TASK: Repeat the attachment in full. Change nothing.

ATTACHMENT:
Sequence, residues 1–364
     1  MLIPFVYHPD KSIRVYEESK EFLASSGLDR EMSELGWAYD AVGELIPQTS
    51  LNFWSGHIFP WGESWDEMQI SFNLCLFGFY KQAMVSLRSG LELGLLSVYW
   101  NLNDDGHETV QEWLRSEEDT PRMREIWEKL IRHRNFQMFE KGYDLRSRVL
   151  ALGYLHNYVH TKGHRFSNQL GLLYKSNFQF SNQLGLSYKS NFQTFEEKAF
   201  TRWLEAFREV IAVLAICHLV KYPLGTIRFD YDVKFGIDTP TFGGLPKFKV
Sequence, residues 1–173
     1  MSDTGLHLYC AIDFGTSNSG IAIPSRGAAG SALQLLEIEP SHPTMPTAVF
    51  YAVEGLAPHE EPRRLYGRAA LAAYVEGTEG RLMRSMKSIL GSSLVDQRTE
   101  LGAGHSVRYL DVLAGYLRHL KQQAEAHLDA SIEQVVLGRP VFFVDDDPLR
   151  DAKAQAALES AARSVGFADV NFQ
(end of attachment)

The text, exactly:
Sequence, residues 1–364
     1  MLIPFVYHPD KSIRVYEESK EFLASSGLDR EMSELGWAYD AVGELIPQTS
    51  LNFWSGHIFP WGESWDEMQI SFNLCLFGFY KQAMVSLRSG LELGLLSVYW
   101  NLNDDGHETV QEWLRSEEDT PRMREIWEKL IRHRNFQMFE KGYDLRSRVL
   151  ALGYLHNYVH TKGHRFSNQL GLLYKSNFQF SNQLGLSYKS NFQTFEEKAF
   201  TRWLEAFREV IAVLAICHLV KYPLGTIRFD YDVKFGIDTP TFGGLPKFKV
Sequence, residues 1–173
     1  MSDTGLHLYC AIDFGTSNSG IAIPSRGAAG SALQLLEIEP SHPTMPTAVF
    51  YAVEGLAPHE EPRRLYGRAA LAAYVEGTEG RLMRSMKSIL GSSLVDQRTE
   101  LGAGHSVRYL DVLAGYLRHL KQQAEAHLDA SIEQVVLGRP VFFVDDDPLR
   151  DAKAQAALES AARSVGFADV NFQ